It’s hard to believe that this list needed to be made. New York is, after all, the birthplace of Hip-Hop–and we’re not just talking about the art of rhyming. It’s the ten million-person-plus metropolis that birthed the entire culture that we hold dear.
But the city’s fallen on hard times identifying its next great voice. One of its signature artistic creations is now the world’s, and it’d be a shame to not see New York hold a prominent place in Hip-Hop’s current milieu. We compiled ten acts that could–and probably will–bring the Big Apple back, and it’s a sign of the globalized times that each one of these acts has its own unique sound.
Agree, disagree or politely agree to disagree, let us know what you think about NYC’s current crop of wordsmiths in the comment section.
Rappers have waxed poetic about food before, but never like Flushing, Queens’s Action Bronson. Bronselinho’s dopeness comes from deep inside the belly of his fastidiously crafted bars about poutine, lamb rack and robiola, among other things. Sure he sounds nearly identical to another legendary New York MC, but it’s Dr. Lector’s unique ability to blend his culinary background (he used to be a chef) into his work that’ll help him bring New York back. The Big Apple is the gastronomic capitol of the world, after all.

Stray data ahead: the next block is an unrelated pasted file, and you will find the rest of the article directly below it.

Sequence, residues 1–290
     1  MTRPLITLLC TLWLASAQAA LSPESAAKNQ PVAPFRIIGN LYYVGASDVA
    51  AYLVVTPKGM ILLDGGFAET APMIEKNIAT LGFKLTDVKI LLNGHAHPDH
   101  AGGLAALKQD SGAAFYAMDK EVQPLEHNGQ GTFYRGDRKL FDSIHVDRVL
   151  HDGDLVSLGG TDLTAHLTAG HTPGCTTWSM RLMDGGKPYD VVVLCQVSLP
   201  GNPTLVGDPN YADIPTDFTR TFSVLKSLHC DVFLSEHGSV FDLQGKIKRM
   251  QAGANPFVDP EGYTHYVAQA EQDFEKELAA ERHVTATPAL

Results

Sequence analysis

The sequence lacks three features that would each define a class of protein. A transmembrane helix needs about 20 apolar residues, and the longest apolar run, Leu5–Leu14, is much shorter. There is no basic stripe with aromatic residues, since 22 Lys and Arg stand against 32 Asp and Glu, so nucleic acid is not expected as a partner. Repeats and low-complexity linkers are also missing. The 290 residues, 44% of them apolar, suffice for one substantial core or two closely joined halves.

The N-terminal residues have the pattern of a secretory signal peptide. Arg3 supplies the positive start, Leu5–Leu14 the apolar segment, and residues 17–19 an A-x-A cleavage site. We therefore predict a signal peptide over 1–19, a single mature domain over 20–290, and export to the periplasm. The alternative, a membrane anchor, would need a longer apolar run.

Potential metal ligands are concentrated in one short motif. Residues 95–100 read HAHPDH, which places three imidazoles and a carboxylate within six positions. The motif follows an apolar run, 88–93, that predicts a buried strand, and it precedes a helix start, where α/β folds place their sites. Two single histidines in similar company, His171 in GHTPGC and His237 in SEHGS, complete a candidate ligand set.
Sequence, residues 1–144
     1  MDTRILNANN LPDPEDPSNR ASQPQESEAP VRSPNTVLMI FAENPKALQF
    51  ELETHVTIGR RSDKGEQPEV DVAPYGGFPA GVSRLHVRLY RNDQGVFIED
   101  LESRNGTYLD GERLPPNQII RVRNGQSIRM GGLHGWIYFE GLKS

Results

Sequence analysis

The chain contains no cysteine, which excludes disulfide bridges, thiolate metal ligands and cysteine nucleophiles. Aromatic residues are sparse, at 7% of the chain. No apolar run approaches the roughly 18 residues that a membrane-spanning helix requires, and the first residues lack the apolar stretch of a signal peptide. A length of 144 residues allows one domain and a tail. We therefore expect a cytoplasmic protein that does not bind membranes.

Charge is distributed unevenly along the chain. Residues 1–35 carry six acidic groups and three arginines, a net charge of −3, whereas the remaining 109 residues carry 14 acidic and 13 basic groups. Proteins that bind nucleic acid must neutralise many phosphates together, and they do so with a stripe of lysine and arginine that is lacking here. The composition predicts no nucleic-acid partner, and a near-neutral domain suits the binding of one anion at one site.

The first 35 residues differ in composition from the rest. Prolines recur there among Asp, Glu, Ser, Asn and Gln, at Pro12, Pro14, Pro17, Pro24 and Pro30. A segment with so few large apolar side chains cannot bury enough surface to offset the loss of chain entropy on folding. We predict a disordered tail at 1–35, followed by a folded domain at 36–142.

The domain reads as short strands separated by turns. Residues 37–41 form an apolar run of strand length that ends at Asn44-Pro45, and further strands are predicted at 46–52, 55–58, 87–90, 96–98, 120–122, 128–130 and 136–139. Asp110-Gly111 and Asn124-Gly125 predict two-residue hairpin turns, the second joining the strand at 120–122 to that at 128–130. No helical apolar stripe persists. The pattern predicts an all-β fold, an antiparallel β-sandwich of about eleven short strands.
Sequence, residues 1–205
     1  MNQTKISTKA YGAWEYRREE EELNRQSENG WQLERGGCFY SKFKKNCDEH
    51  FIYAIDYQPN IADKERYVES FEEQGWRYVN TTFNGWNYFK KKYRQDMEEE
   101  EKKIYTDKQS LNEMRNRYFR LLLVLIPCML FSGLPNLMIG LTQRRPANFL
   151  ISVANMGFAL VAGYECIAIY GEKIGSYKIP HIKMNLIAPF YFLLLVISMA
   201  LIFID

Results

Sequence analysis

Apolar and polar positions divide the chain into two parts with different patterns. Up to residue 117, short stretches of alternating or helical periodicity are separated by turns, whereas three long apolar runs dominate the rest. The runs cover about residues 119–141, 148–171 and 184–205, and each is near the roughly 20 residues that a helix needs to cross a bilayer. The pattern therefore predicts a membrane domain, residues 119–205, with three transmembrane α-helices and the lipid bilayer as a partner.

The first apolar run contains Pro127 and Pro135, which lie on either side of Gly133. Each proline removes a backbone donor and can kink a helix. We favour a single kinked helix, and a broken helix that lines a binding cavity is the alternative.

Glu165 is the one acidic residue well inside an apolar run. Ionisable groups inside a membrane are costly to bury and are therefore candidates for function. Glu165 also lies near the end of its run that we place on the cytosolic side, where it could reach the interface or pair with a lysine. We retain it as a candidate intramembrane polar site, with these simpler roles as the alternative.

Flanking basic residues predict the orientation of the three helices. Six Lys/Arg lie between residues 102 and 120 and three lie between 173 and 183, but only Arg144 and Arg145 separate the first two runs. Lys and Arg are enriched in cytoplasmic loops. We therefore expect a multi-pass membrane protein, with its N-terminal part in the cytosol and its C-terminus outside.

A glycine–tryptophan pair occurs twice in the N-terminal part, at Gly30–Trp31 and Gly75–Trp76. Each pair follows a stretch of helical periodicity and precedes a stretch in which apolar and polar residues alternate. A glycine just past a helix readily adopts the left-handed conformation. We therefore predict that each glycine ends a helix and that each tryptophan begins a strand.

Mr. Muthaf*ckin eXquire
If there were a perfect adjective to describe Crown Heights’s Mr. Muthaf*ckin eXquire, it’d be “grimy.” Unlike other uses for “grimy,” this isn’t a slanderous smack against eXquire. Nah: eXquire is New York’s “grimy” MC, a rhymer who spits syllables about skin-crawling realities in the most distinctive personae possible. Late Wu-Tang member Ol’ Dirty Bastard originated the moniker, so it’s only right that eXquire pick it up to help bring New York back. A record deal with Universal and zero-f*ks-given name don’t hurt, either.
A$AP Rocky & A$AP Mob
The self-proclaimed “prettiest motherf*ckers” are also New York’s best asset in thrusting the five boroughs back into Hip-Hop’s national spotlight. Lead by syrup-sipping mob leader Rocky and the infectious knock of his debut, Live.Love.A$AP, the crew posses a bright future. They rap (Rocky, Twelvy, Nast and Ferg), produce (Ty Beats) and design (former stylist Dominic Lord). There’s nothing they don’t do, and no audience they can’t touch—Rocky did take his act on the road with Drake last year. Their omnipotence and omnipresence ensures they’ll bring New York back, regional identity crisis be damned.
Harlem’s Cannabis Connoisseur. The Kushed God. George Kush. Smoke DZA goes by many names, but he loves one thing almost as much as his hometown: a nice fat marijuana cigarette. And boy does he enjoy penning sweet, sweet couplets about his girl Mary Jane over production as varied as Ski Beatz and Harry Fraud. He’s not the most introspective rhymer but he’s more than capable of helping bring New York Hip-Hop back.